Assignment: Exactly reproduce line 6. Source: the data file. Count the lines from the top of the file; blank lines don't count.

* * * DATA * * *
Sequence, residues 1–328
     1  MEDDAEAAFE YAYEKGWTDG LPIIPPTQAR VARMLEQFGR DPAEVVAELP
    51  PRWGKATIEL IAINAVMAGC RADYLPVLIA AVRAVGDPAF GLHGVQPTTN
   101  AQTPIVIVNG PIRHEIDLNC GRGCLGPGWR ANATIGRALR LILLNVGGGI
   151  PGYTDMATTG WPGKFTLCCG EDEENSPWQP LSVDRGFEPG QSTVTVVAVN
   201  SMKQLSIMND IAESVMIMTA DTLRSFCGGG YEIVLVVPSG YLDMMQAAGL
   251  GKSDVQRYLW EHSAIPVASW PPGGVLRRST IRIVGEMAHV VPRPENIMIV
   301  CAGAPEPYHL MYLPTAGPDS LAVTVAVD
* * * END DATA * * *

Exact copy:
   201  SMKQLSIMND IAESVMIMTA DTLRSFCGGG YEIVLVVPSG YLDMMQAAGL